In the latest episode, part three of Relationship Reality Check, Dr. Phil delves into the critical concept of establishing compromise and mutual accommodation within relationships. The episode underscores the significance of bridging differences and arriving at compromises that cater to both partners' desires and necessities.
Dr. Phil dismantles the notion that an exemplary relationship is contingent upon complete agreement, an enchanting romance, and impeccable conflict resolution skills. Instead, he introduces a novel perspective on relationship excellence. He advocates for personal growth and development as the key driver of positive relationship dynamics. This perspective encourages individuals to focus on self-improvement rather than attempting to remediate perceived shortcomings in their partners.
To delve into these insightful teachings and gain a more profound understanding of how to foster successful relationships, make sure to tune in to this enlightening episode of Relationship Reality Check. Your perspective on relationships is bound to undergo a transformative shift.
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Finding Middle Ground: Relationship Reality Check PT3
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Is your marriage at risk of falling apart? Take Dr. Phil’s “Marriage Inventory Quiz” — these are 6 signs that you or your spouse could be landing your marriage in a ditch.
1. You control or abuse your spouse.
Controlling people often participate in emotional extortion, like saying, “Agree with me, or else ...” Sometimes it’s more productive and healthier if you agree to disagree. Or, does your spouse attempt to control you, possibly with money? Call you demeaning names? Why would you accept that from anyone, and why would someone who truly loves you treat you that way? If there is an imbalance of power that causes you to lose yourself, you may be in a toxic relationship.
2. You or your spouse define your relationship with jealousy and insecurity.
Do you often check up on your spouse? Do you attempt to read his text messages because you’re just not sure what goes on behind your back? Jealousy is a poorly disguised need for power and control — and that’s a red flag. You have more power in your love, respect, personality and magnetism than you do when you try to be controlling.
3. You lie and deceive your spouse about money.
Have you and your spouse both been completely honest about your finances prior to the marriage and since becoming a union? People who have nothing to hide, hide nothing. What are you hiding and why? And what else are you willing to lie about? Lying about money does not bode well for the underlying trust that a marriage needs at its core.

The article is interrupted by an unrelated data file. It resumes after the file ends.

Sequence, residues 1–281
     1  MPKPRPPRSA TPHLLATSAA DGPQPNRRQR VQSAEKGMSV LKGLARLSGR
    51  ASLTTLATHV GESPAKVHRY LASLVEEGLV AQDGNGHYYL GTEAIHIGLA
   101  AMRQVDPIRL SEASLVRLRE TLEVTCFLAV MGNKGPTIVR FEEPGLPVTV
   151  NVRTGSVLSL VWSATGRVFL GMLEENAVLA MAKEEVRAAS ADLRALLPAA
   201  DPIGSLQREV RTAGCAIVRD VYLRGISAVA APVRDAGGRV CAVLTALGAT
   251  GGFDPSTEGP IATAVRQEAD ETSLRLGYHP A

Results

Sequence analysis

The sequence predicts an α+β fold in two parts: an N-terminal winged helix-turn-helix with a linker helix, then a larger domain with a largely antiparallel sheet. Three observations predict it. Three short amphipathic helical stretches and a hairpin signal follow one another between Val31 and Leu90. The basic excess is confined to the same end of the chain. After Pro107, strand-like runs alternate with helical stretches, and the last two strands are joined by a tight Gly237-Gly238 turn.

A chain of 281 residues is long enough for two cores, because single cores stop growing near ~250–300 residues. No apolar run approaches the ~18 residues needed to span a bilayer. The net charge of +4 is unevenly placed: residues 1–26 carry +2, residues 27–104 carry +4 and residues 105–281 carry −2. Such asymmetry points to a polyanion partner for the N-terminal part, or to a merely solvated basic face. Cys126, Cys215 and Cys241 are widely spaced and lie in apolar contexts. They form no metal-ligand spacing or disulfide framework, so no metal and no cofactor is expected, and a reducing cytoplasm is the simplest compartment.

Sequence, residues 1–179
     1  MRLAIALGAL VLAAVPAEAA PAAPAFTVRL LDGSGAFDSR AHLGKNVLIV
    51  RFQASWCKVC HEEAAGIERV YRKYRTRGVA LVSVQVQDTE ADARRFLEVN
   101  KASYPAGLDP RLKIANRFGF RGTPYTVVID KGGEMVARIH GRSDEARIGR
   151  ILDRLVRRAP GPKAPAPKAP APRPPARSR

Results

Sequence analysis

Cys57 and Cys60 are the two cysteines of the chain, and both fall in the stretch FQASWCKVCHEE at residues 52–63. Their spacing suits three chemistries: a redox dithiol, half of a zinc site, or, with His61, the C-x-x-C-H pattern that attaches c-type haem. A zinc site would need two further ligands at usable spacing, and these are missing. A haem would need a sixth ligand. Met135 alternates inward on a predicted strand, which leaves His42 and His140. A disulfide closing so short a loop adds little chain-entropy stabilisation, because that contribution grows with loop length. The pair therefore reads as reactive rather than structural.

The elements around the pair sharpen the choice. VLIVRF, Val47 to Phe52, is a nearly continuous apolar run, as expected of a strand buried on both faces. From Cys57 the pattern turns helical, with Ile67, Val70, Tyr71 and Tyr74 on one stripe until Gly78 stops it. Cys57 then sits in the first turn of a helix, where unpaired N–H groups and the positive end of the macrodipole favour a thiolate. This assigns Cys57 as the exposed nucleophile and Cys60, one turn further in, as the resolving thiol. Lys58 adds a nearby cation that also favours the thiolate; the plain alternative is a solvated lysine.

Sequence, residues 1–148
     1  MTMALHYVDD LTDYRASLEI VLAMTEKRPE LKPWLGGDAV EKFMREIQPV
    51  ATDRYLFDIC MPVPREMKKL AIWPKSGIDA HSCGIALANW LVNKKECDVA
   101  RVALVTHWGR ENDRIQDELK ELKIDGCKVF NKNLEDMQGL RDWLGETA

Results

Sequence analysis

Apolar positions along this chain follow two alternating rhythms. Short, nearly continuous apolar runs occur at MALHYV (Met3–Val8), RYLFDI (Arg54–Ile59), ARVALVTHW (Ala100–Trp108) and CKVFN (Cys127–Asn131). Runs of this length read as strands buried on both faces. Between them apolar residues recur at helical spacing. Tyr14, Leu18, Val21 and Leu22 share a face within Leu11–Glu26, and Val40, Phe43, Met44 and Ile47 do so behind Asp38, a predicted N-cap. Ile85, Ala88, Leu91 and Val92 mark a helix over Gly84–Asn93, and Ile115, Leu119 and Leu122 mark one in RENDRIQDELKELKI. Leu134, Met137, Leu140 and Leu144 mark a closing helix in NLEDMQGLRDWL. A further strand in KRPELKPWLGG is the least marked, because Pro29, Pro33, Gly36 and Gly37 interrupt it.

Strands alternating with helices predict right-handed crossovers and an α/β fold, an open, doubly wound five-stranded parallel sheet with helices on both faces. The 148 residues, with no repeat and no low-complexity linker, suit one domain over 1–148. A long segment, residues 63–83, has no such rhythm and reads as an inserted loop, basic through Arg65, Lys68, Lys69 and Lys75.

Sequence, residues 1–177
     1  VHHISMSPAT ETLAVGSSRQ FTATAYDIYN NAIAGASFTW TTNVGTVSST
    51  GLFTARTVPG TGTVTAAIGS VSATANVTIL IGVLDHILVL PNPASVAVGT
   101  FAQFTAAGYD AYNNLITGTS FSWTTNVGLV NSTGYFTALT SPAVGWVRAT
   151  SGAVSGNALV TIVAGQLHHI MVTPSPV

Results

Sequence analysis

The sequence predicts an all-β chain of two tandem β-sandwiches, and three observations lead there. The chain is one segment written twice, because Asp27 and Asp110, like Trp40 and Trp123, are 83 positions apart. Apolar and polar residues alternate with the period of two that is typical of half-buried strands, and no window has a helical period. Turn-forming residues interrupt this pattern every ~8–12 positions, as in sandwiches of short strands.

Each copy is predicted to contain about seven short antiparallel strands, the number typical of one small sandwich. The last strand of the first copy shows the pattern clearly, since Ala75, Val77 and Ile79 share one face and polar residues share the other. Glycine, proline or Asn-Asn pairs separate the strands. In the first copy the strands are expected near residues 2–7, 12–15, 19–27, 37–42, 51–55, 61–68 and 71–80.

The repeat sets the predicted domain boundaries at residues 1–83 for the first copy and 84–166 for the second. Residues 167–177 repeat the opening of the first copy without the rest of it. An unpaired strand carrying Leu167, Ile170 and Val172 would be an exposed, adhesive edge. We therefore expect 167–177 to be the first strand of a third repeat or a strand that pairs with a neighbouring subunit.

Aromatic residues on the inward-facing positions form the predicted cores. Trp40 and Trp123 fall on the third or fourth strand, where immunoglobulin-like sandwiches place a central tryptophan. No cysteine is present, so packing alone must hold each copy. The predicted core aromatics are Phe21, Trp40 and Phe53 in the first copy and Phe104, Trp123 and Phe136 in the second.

4. You or your spouse involve your parents or in-laws inappropriately.
If you go running to your parents or your in-laws with your marital problems, you’re not respecting the sanctity and boundaries of your relationship. You’re an adult now; deal with the person you married, not the people who raised either of you.
5. You and your spouse fail to be a united parenting front.
If your kids are successful at dividing and conquering you and your spouse, then they are further driving a wedge between the two of you. Not to mention that if you fight in front of the children, it literally changes who they are. You’re scarring them for life and they don’t deserve that. Be mature enough to stop the screaming and put their needs ahead of your own.
6. You ignore your spouse’s intimacy and sexual needs.
A couple’s relationship in the bedroom is a direct reflection of the rest of their relationship. Intimacy is essentially vulnerability. It’s when you let your guard down, you let somebody in close and you share things in a physical way. If you spend all day fighting, you’re going to have a hard time making intimacy a priority — which it ought to be.
Putting Passion Back Into Your Relationship
Diagnose the problem. Examine your lifestyle and make sure that you are carving out time to have sex with your partner. Sexuality is a pattern, something that needs to happen on an ongoing basis or else other things will crowd it out. It's about behaving your way to success. Like the old adage: Use it or lose it.